Each message transmitter has a clutch circuit which is controlled by its associated controller. Preference circuits arrangements are provided 4for precluding the operation of the clutch circuit 'of more than one transmitter at a time. Thus, the message transmitters are rendered operative on a one-at-a-time basis.

The preference relays 28 and controllers 29 and 30 employ groups of time-controlled relays to provide any predetermined transmitter with operating preference on simultaneous demands. In addition to the above preference arrangements tof the relay groups, lockout arrangements are provided for preventing interference from other relay groups.

Referring now to the Figs. 2A and 2B of the drawing, a detailed descriptio-n of the oper-ation `of the system will be given.

It is assumed that the present system is used by an airline company with transmitter C, being located at the flight dispatchers office with the other message transmitters being located at the city'ofice, branch oice, and airport ollices. The number transmitter can be located at any convenient place. It is also assumed that transmitter C has preference over all other transmitters,

When the power switch 1 is closed, the motors (not shown) 'start and the negative D C. return 41 is closed. Current flows from -|-D.C. source 42 through the automatic number switch 2, lead 31, relay 1K through contacts 1 and Z of relay 2K, lead 33 and switch 1, to operate relay 1K.

Closure of contacts 7, 8 of relay 1K causes relay 2K to operate `over lead 32. Contacts 1, 2 of relay 2K open and release relay 1K. Relay 2K locks itself over lead 32 `at its contacts 5, 6.

The `apparatus is now ready to automatically transmit the circuit designation and serial number lWhenever a message tape is put into a transmitter distributor.

Placing a tape message in the A transmitter will cause relays 3K and 9K to operate over lead 51 and line 102,

jrespectively, to -l-D.C. at 91 and -D.C. at switch V1.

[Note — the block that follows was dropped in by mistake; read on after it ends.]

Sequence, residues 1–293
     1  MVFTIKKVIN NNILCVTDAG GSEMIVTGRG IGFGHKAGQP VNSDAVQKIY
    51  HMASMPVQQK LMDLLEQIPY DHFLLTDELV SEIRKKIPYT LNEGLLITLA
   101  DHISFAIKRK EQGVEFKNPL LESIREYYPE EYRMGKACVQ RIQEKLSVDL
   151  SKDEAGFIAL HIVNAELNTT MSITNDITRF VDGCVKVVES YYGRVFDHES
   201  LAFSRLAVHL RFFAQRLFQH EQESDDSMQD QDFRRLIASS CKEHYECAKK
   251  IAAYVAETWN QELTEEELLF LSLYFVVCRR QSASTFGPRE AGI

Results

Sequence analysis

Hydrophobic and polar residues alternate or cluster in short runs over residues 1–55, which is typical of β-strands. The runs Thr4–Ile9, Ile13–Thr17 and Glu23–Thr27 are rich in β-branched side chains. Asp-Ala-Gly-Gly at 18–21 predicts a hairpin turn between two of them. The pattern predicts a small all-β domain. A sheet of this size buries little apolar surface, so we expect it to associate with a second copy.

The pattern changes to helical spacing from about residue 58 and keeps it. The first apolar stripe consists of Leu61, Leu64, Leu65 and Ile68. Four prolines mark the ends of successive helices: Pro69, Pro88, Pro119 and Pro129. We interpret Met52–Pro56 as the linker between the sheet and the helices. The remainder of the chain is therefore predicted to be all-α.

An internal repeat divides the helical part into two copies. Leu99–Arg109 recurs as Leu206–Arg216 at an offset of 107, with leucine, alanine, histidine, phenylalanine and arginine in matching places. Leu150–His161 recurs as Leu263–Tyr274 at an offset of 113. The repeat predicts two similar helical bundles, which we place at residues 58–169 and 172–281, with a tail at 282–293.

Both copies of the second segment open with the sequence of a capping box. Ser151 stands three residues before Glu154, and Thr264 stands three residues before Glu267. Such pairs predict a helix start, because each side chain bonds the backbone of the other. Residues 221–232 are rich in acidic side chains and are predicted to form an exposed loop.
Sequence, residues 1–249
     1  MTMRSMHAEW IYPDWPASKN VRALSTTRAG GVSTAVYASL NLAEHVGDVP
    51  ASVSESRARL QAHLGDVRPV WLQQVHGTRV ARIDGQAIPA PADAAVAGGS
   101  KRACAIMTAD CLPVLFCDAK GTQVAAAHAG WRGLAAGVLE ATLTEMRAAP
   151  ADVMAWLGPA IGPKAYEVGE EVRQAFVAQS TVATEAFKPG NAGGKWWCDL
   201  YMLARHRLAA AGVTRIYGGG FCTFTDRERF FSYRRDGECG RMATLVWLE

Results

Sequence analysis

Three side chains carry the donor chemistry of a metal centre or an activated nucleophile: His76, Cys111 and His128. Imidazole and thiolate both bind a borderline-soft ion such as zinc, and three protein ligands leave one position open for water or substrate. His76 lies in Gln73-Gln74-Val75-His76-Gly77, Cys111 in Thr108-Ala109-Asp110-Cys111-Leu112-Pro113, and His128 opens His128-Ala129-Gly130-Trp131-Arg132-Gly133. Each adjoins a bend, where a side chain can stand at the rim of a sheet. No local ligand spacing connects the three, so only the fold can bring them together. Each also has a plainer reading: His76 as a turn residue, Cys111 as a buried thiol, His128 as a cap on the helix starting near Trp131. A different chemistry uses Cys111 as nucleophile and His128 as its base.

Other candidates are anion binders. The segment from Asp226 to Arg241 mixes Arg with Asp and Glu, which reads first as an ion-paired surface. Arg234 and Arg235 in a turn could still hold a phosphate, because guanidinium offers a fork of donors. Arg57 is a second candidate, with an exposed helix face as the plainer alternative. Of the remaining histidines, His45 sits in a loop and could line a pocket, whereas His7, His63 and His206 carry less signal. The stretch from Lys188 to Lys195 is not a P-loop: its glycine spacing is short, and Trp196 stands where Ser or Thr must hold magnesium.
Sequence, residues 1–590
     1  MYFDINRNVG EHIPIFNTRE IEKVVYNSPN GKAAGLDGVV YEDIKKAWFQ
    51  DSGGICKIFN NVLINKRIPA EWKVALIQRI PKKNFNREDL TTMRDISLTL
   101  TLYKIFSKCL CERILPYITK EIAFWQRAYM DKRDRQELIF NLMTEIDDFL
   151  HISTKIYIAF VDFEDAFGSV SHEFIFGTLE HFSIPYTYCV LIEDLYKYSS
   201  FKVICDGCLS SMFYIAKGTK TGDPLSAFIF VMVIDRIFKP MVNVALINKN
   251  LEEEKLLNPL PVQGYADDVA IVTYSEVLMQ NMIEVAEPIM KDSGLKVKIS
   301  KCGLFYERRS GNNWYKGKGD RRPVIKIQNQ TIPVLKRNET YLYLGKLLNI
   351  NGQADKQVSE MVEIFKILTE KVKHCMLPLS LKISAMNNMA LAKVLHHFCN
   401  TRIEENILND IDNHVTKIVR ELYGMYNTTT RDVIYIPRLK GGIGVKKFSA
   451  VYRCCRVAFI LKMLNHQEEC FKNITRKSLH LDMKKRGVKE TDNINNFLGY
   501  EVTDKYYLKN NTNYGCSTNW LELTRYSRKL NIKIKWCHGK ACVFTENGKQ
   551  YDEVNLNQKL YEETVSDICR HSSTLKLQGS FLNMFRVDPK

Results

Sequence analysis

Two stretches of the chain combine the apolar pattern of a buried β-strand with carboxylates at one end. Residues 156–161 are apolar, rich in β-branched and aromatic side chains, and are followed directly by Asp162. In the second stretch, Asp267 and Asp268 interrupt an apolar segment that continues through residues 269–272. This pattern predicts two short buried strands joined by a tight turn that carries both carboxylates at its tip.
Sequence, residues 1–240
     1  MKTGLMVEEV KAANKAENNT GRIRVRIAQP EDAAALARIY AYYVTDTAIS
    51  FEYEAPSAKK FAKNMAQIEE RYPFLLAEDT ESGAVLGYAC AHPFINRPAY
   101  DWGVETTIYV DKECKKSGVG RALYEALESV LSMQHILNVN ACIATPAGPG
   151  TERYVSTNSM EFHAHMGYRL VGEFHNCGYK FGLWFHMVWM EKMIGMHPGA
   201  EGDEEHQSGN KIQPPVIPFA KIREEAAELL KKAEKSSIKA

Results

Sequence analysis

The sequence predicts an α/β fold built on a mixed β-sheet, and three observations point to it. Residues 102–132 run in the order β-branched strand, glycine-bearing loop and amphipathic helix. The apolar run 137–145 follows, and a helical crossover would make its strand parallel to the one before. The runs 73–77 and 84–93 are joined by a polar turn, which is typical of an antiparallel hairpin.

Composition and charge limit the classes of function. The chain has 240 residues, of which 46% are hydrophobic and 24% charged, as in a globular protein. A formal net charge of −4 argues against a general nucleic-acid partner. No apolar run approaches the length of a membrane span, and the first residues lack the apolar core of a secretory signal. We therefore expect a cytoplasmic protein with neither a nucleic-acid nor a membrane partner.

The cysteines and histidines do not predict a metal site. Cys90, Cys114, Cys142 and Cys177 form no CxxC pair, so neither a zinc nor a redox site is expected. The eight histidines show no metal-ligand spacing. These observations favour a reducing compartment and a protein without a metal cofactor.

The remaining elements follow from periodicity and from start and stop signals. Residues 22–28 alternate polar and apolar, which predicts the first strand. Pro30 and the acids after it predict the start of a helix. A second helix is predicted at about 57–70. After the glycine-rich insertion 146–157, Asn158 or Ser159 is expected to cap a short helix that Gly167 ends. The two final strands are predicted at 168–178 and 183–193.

relays 6K, 7K- and 8K are locked out by relay 9K at contact 1, 2.

The number clutch 10 is energized over lead 51, lead i 34, through contact 3, 4 of relay 3K, contact 1, 2 of Referring to Fig. 1, telegraph line 101 is shown connected to the number transmitter NR, ya group of message transmitter distributors A to D, and a telegraph printer 20. (The message transmitters distributors are grouped in pairs, with pair A and B being controlled by con-l troller 29 land pair C and D being controlled by conpreferences. Transmitter selector 27 is 'associated with` preference relays Z8 and number transmitter 29,y and troller 30. As will appear hereinafter, the controllers L relay 1K and contact 3, 4 of relay 2K. Characters perforated in the previously prepared number tape are transmitted. When the letters perforations at the end -of the group are'sensed, the letters sensing contacts 11 lare opened momentarily. This interrupts the Yholding current over lead 32 for relay 2K, which opens and breaks the circuit to the number clutch 10 at contacts 3, 4 of relay 2K.

The number transmitter NR stops when the circuit to clutch 10 is opened.

When -relay 2K opens due to the momentary break at the letter sensing contacts 11, it also makes the circuit through relay ZK contacts 1, 2 leads 31 `and 33 to relay 1K, which operates. However, the slug on relay 1K delays its operation long enough to completetransmission of the letters character before contacts 5, 6 of relay 1K close the circuit lover leads 31 and 35 to the i A messageV transmitter `distributor through clutch 2'1'.Y The circuit to relay 2K is re-established through conthereby kstartmessage from?. the A transmitter, the tape-out contacts 12 open and remain open. This breaks the circuit to the A clutch magnet 21 of the A transmitter, through closed contacts 5, 6 of relay 3K, lead 35 and closed contacts 5, 6 or' relay 1K. The circuit to relay 1K is Ialso opened -at tape-out contacts 12 through contacts 3, 4l of relay 3K and contacts 3, 4 of relay 1K. The circuit to relay'K rand 9K is also opened at tape-out contacts 12 through lead 51, contacts 1, 2 of relay 4K, lead N2 yand contacts 1, 2 of relay SK. Relay 2K remains operated through its contacts 5, 6 and lead 32'. The apparatus is now ready to automatically transmit the circuit designation and serial number for another message, when its tape is put in a transmitter distributor.

A second message tape may be placed in another transmitter `distributor While the message from the A transmitter is being transmitted at the A location,